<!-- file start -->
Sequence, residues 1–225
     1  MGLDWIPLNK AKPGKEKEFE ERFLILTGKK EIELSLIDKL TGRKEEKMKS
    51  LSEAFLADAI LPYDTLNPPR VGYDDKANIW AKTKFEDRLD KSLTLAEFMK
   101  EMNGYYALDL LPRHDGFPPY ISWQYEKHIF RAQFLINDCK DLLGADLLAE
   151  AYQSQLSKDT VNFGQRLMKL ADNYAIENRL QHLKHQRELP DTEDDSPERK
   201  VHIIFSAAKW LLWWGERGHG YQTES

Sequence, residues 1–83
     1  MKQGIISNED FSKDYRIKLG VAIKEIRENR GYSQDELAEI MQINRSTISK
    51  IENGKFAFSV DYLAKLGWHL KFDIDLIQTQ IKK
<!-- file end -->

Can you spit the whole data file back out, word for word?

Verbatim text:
Sequence, residues 1–225
     1  MGLDWIPLNK AKPGKEKEFE ERFLILTGKK EIELSLIDKL TGRKEEKMKS
    51  LSEAFLADAI LPYDTLNPPR VGYDDKANIW AKTKFEDRLD KSLTLAEFMK
   101  EMNGYYALDL LPRHDGFPPY ISWQYEKHIF RAQFLINDCK DLLGADLLAE
   151  AYQSQLSKDT VNFGQRLMKL ADNYAIENRL QHLKHQRELP DTEDDSPERK
   201  VHIIFSAAKW LLWWGERGHG YQTES

Sequence, residues 1–83
     1  MKQGIISNED FSKDYRIKLG VAIKEIRENR GYSQDELAEI MQINRSTISK
    51  IENGKFAFSV DYLAKLGWHL KFDIDLIQTQ IKK